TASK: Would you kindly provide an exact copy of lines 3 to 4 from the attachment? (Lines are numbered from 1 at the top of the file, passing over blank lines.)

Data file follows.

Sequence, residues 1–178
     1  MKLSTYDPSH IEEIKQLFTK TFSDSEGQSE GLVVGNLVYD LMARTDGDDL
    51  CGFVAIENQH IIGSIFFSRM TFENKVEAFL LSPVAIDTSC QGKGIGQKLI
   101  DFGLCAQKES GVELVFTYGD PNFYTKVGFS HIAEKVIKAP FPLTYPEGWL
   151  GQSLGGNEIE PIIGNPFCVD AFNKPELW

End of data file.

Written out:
    51  CGFVAIENQH IIGSIFFSRM TFENKVEAFL LSPVAIDTSC QGKGIGQKLI
   101  DFGLCAQKES GVELVFTYGD PNFYTKVGFS HIAEKVIKAP FPLTYPEGWL